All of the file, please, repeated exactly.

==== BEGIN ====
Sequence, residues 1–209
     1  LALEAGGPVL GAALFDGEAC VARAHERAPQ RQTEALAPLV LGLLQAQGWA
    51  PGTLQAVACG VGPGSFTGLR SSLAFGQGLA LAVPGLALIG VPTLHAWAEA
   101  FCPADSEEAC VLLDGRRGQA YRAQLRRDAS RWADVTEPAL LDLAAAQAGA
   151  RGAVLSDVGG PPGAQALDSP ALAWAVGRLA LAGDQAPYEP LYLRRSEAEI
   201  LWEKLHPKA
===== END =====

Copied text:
Sequence, residues 1–209
     1  LALEAGGPVL GAALFDGEAC VARAHERAPQ RQTEALAPLV LGLLQAQGWA
    51  PGTLQAVACG VGPGSFTGLR SSLAFGQGLA LAVPGLALIG VPTLHAWAEA
   101  FCPADSEEAC VLLDGRRGQA YRAQLRRDAS RWADVTEPAL LDLAAAQAGA
   151  RGAVLSDVGG PPGAQALDSP ALAWAVGRLA LAGDQAPYEP LYLRRSEAEI
   201  LWEKLHPKA